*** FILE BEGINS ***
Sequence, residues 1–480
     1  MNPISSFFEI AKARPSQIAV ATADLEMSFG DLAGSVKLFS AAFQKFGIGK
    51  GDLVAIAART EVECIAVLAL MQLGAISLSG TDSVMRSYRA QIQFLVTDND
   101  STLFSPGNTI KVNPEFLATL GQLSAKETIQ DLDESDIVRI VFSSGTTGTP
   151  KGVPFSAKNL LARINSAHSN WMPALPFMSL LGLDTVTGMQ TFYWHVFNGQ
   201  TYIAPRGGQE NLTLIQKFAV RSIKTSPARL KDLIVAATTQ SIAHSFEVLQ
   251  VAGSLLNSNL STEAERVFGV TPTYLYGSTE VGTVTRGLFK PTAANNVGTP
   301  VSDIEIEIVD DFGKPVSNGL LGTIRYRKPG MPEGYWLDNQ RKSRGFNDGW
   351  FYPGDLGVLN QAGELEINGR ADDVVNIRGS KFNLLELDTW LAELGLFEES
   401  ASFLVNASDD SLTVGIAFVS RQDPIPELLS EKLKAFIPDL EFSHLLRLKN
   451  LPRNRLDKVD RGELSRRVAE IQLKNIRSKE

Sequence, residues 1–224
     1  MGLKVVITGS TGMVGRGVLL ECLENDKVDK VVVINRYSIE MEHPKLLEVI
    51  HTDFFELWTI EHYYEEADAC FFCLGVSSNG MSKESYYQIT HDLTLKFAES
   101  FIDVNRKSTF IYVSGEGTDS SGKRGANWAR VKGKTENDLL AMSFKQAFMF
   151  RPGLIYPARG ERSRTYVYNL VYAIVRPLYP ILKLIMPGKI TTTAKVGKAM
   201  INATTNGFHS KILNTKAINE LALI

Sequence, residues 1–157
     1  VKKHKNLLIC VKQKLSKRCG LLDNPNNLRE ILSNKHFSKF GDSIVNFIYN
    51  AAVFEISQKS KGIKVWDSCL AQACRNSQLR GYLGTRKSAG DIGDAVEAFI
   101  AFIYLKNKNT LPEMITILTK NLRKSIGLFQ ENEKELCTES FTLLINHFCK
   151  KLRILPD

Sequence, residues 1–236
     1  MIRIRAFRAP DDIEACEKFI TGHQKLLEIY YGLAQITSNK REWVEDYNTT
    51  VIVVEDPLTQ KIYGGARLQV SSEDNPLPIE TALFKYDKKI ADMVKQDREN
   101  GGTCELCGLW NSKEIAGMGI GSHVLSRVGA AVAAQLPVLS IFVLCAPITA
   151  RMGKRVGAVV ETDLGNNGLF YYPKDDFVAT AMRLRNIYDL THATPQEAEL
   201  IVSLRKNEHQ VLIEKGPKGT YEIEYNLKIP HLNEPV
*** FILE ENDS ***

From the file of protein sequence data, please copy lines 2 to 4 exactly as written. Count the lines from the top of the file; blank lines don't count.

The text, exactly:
     1  MNPISSFFEI AKARPSQIAV ATADLEMSFG DLAGSVKLFS AAFQKFGIGK
    51  GDLVAIAART EVECIAVLAL MQLGAISLSG TDSVMRSYRA QIQFLVTDND
   101  STLFSPGNTI KVNPEFLATL GQLSAKETIQ DLDESDIVRI VFSSGTTGTP